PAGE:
The Magazine

The Kelo Backlash

What the Supreme Court touched off with its eminent domain decision.

Aug 21, 2006, Vol. 11, No. 46 • By JONATHAN V. LAST
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But New York gets the prize for cravenness. The village of North Hills tried to use eminent domain to seize a ritzy private golf club, Deepdale, and turn it into a public--but expensive--golf course for North Hills residents. Deepdale member Edward D. Herlihy wrote an op-ed about the scheme that was published in the Wall Street Journal, and the state legislature quickly passed legislation designed to protect the club. In other words, New York passed eminent domain "reform"--but only for members of an elite golf club.

As states have grappled with eminent domain, a strange politics has emerged. There is no real split between Democrats and Republicans. In some states, it is Democrats who oppose reform. In Connecticut, for example, Democrats in the legislature obstructed attempts to change the law. But in Oklahoma it was Republicans who prevented reform from passing.

As Scott Bullock, an attorney at the Institute for Justice (and the lawyer who argued Kelo before the Supreme Court), notes: "Republicans who are limited government types are typically good on eminent domain, but those who are tied too deeply to big business are bad. With Democrats, those who are keyed into the rights of the oppressed and the effects of power structures are typically good, but Democrats who are into good government and civil planning are bad on the issue."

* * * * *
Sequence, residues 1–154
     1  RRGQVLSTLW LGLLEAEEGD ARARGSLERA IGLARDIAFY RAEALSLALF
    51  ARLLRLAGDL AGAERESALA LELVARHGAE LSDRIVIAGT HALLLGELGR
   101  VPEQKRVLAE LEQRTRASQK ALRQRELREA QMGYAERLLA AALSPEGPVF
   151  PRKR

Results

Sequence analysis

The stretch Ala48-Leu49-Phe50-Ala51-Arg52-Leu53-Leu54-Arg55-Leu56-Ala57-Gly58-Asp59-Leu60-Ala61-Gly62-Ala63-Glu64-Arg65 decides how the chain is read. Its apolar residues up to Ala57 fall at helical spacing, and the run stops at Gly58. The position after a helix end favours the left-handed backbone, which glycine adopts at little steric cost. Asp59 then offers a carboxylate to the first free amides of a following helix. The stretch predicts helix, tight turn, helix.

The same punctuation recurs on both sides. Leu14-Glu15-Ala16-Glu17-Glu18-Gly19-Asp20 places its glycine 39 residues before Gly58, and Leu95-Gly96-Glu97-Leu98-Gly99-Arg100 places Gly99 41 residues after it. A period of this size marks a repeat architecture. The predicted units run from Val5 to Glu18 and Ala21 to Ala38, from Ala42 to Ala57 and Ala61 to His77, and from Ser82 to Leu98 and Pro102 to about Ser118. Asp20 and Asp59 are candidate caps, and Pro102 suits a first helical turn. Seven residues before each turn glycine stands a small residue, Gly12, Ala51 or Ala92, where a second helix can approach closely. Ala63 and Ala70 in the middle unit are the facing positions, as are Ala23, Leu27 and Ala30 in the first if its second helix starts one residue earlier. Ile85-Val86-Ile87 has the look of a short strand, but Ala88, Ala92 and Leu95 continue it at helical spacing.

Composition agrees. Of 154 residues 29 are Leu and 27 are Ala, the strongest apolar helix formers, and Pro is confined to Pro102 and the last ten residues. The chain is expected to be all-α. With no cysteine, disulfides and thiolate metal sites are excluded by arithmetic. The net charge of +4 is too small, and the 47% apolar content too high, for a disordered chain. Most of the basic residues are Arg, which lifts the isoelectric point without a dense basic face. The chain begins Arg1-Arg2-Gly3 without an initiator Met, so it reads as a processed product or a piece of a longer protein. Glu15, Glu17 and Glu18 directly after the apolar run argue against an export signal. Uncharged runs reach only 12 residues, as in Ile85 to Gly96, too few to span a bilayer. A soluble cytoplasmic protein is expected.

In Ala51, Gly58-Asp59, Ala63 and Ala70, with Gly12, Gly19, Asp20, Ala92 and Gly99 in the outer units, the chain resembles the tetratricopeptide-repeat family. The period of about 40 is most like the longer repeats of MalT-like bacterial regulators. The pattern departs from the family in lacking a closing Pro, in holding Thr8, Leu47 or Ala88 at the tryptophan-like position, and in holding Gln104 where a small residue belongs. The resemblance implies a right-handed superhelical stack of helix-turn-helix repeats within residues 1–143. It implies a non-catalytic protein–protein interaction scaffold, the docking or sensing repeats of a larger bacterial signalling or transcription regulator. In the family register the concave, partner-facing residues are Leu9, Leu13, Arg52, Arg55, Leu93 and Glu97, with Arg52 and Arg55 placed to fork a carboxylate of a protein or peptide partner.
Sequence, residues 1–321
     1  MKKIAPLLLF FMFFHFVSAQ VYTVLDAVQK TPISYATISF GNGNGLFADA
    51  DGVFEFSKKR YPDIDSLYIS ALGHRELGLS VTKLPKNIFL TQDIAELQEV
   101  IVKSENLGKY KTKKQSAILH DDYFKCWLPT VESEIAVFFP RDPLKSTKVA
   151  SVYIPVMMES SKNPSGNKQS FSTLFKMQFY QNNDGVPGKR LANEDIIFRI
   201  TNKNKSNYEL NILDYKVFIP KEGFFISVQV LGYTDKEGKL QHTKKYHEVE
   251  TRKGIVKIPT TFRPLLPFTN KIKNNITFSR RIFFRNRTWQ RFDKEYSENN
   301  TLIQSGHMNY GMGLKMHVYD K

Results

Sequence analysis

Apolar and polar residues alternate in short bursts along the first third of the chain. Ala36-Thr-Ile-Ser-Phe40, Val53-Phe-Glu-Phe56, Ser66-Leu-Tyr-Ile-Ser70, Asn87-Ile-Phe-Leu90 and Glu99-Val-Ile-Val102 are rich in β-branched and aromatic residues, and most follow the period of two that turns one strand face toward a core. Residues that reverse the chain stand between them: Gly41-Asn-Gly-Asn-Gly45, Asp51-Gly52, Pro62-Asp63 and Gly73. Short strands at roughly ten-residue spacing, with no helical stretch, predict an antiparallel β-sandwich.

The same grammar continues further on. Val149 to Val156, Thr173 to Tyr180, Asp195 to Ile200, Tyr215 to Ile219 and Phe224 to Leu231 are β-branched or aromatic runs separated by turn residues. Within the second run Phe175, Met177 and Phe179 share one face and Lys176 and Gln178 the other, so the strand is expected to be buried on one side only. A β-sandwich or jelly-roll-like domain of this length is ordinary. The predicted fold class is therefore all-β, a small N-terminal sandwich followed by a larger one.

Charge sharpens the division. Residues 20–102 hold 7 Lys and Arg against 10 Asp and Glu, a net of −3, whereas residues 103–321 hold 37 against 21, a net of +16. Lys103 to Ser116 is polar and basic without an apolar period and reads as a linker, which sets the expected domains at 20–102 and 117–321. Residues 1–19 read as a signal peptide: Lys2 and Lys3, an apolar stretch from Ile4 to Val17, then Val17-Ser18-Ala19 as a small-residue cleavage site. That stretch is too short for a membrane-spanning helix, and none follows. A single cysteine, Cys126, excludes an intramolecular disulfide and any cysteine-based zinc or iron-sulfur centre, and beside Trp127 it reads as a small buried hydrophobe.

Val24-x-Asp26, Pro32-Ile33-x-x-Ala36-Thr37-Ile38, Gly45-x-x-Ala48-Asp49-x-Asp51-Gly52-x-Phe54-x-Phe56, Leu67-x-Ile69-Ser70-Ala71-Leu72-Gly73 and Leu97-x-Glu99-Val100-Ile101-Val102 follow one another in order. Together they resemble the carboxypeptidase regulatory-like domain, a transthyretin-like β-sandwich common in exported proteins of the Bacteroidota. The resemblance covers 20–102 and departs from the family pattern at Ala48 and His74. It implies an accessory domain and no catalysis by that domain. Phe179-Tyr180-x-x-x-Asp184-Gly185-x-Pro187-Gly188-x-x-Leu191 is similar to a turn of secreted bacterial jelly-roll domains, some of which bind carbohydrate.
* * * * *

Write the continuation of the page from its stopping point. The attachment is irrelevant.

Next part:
Another interesting aspect of the debate has been the lopsidedness of the votes in the legislatures. Where eminent domain reform has passed, it has passed overwhelmingly. This is probably because, as poll after poll demonstrates, there is no grassroots support for the expansive view of eminent domain. There are no citizen or corporate groups lined up to defend public seizures of private property. The only people arguing for them are developers and local politicians. Their strategy is to prevent reform from coming to a vote or, failing that, to dilute legislation in committee.

(A political aside: It may be worth noting that two Democratic presidential hopefuls--Vilsack and New Mexico governor Bill Richardson--vetoed eminent domain reform. Those vetoes may come back to haunt them.)

A lot has changed since the Kelo decision came down last year. But some things, sadly, have not changed. The town of New London still insists on taking Susette Kelo's land from her--though on June 30 the town agreed to allow Kelo to keep her little pink cottage and move it to another location in town. Ironically, it's a solution Kelo herself proposed years ago, when the government first came calling.

The irony is that, had the town taken her up on it then, there would have been no legal battle or Supreme Court ruling, and developers across America would still be quietly pushing homeowners around with the help of local governments and eminent domain. Those days are coming to an end. But not soon enough.

Jonathan V. Last is online editor of THE WEEKLY STANDARD.